Devourer of books with a preference for fiction. Quite good at competitive reading. Happily hoards books of all kinds. Gets stabby going too long without reading.
Miss Titania "Tansy" Danforth is all alone in the world. Her beloved brother was a soldier who died in the war of 1812, and her parents died in a carriage accident. Now she's had to leave the home she knew in New York to travel back to England, where she hasn't lived since she was a little girl. Her father's will states that she'll not have her fortune released until she marries a man approved by her new guardian, her father's cousin, the fearsome Duke of Falconbridge. Preferably someone rich in his own right and suitably titled. Tansy knows she's very beautiful and wields her charm like a weapon. She's determined that every man in Sussex will fall at her feet, but the one man who truly takes her own breath away, seems to be completely unmoved by her.
Ian Eversea has never really been able to settle down after the war. He's plagued by nightmares and restlessness and hopes that maybe exploring the world will solve some of his worries. He has about a month left until he leaves for his great journey when Tansy Danforth arrives in Pennyroyal Green, as his brother-in-law, Falconbridge's ward. A woman Falconbridge sees fit to warn Ian to stay specifically away from, or there may be dire consequences. Well aware of his checkered past where Falconbridge is concerned (see What I Did for a Duke, number 15 in my top romances of all time), Ian promises to leave the girl alone. It's not like she needs any more male attention, with most of the single, and quite a few of the married, men of the region making complete fools of themselves for a flattering glance and a kind word from the girl. Is Ian the only one who notices how rehearsed and forced Tansy's charm and flattery is? What is the woman really up to?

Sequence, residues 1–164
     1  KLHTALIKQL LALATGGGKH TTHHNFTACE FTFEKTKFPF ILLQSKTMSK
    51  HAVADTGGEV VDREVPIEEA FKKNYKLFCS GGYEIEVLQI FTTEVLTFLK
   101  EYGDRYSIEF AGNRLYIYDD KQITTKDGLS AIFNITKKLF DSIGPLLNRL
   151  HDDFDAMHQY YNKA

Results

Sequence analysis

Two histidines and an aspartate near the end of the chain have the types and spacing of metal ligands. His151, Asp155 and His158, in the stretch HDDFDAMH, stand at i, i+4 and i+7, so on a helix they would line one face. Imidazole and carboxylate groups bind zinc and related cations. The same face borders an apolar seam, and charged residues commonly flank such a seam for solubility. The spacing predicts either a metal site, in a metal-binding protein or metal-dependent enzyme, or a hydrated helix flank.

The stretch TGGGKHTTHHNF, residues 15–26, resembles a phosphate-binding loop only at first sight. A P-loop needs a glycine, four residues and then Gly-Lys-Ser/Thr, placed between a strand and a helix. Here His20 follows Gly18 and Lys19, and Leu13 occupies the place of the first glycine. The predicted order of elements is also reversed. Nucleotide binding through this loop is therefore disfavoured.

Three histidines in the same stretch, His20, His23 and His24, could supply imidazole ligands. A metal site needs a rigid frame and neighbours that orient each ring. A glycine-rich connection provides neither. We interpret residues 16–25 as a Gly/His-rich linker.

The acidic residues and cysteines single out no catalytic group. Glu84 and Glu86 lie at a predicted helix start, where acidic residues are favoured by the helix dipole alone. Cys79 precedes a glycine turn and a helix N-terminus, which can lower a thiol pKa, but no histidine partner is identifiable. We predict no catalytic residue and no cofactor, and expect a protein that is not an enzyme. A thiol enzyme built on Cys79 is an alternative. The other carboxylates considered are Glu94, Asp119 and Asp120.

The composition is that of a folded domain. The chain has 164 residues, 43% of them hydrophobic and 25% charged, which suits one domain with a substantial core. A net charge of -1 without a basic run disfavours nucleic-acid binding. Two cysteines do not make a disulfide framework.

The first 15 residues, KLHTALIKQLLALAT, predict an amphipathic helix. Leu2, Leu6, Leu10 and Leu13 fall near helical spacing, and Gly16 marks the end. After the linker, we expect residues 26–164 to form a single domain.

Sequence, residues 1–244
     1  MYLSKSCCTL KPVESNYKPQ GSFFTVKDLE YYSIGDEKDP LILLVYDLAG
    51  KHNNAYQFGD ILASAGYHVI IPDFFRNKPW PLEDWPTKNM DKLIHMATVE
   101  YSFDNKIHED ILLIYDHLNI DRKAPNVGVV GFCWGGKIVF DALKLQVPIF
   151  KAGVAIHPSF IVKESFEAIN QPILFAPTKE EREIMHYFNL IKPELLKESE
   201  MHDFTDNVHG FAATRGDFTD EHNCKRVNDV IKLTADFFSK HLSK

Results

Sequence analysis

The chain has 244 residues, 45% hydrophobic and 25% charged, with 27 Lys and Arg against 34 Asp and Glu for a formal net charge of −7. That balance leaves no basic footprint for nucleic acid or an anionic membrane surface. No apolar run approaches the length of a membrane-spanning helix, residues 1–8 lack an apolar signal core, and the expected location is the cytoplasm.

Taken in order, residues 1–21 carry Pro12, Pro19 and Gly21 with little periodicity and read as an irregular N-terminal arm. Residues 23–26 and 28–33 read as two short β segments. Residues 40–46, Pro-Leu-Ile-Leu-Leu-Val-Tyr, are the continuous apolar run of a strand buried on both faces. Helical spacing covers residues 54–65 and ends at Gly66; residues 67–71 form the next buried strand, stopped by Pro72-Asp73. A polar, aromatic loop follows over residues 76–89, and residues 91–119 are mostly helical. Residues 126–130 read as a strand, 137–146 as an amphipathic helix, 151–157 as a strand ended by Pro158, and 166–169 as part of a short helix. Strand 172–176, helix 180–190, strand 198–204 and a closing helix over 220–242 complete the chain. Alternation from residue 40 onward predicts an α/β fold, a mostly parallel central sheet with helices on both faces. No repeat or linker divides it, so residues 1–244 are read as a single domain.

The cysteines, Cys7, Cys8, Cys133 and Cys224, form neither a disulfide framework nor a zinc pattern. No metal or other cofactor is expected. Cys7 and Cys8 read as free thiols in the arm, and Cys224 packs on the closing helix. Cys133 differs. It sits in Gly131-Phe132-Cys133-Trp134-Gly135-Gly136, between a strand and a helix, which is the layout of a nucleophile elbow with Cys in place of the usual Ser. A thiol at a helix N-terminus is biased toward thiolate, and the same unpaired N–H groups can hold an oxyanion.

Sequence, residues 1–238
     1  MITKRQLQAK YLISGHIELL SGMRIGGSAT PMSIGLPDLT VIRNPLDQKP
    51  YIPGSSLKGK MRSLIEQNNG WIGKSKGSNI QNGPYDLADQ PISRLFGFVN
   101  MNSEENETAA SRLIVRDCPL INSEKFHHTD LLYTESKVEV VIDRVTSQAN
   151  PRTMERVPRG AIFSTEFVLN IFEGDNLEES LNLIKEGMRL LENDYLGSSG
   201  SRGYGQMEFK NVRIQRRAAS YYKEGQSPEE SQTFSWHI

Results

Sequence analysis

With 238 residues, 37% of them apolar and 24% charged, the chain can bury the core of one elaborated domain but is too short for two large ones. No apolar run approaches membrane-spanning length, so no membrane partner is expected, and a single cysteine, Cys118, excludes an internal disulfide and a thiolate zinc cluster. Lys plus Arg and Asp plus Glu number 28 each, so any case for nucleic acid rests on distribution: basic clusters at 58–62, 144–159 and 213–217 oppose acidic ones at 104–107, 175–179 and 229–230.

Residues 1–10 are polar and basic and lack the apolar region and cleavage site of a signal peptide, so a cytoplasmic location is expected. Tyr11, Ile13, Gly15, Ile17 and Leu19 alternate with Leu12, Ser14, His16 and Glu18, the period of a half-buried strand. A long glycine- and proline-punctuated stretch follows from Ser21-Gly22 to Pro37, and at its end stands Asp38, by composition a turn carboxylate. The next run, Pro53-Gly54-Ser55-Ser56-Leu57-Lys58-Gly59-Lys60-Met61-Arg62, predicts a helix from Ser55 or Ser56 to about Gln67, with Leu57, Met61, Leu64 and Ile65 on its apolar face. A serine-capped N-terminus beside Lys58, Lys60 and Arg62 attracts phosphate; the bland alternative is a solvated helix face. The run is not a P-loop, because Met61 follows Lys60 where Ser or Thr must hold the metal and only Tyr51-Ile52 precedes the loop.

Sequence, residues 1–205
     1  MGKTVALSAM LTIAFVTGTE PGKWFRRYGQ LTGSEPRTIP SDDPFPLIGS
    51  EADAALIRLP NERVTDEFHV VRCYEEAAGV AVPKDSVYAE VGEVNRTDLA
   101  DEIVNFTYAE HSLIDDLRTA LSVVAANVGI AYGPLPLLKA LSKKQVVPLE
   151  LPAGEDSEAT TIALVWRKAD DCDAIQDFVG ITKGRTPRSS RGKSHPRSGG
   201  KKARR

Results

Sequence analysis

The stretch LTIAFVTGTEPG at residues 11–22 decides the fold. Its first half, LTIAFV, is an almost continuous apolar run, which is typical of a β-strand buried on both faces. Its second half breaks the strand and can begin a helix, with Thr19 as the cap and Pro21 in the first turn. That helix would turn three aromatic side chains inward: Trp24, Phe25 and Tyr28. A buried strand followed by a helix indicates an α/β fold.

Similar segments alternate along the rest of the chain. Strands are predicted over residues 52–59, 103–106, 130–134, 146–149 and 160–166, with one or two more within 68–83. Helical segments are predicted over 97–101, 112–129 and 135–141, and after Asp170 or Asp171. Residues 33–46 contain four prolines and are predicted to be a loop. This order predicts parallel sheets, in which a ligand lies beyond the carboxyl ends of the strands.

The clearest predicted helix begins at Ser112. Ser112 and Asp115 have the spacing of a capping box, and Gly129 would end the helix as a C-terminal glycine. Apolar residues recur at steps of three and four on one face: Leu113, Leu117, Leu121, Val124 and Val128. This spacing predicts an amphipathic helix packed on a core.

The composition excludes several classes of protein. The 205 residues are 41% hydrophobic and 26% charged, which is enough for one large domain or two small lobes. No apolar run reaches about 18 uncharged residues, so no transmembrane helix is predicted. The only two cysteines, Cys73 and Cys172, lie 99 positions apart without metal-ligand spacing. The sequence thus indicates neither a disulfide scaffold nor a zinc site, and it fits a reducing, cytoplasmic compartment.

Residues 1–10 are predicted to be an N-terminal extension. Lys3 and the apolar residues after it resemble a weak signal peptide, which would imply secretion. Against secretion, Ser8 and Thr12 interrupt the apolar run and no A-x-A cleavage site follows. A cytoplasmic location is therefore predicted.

Tansy is achingly lonely, and knows that her chief asset is her stunning looks. She's deeply vulnerable and insecure, and in making the men around her fawn over her charm and beauty, she at least gets to be the centre of attention at social gatherings. She's an orphan, not even allowed to choose her own husband, lest she risk losing her fortune if she picks the wrong man. Her childhood home in Sussex is for sale, she's had to leave the only home she knows in America. Her new guardian is terrifying and has a scary reputation, yet is clearly disgustingly happy with his own young wife. When the Everseas, who have so kindly taken her in, all clam up about the rascal brother Ian, she becomes desperately curious, and when they finally meet, he makes her go clumsy, tongue-tied and flustered, pretty much the way the majority of men act around her, in fact. As he displays so little interest in her, she's all the more determined to find a way to charm him.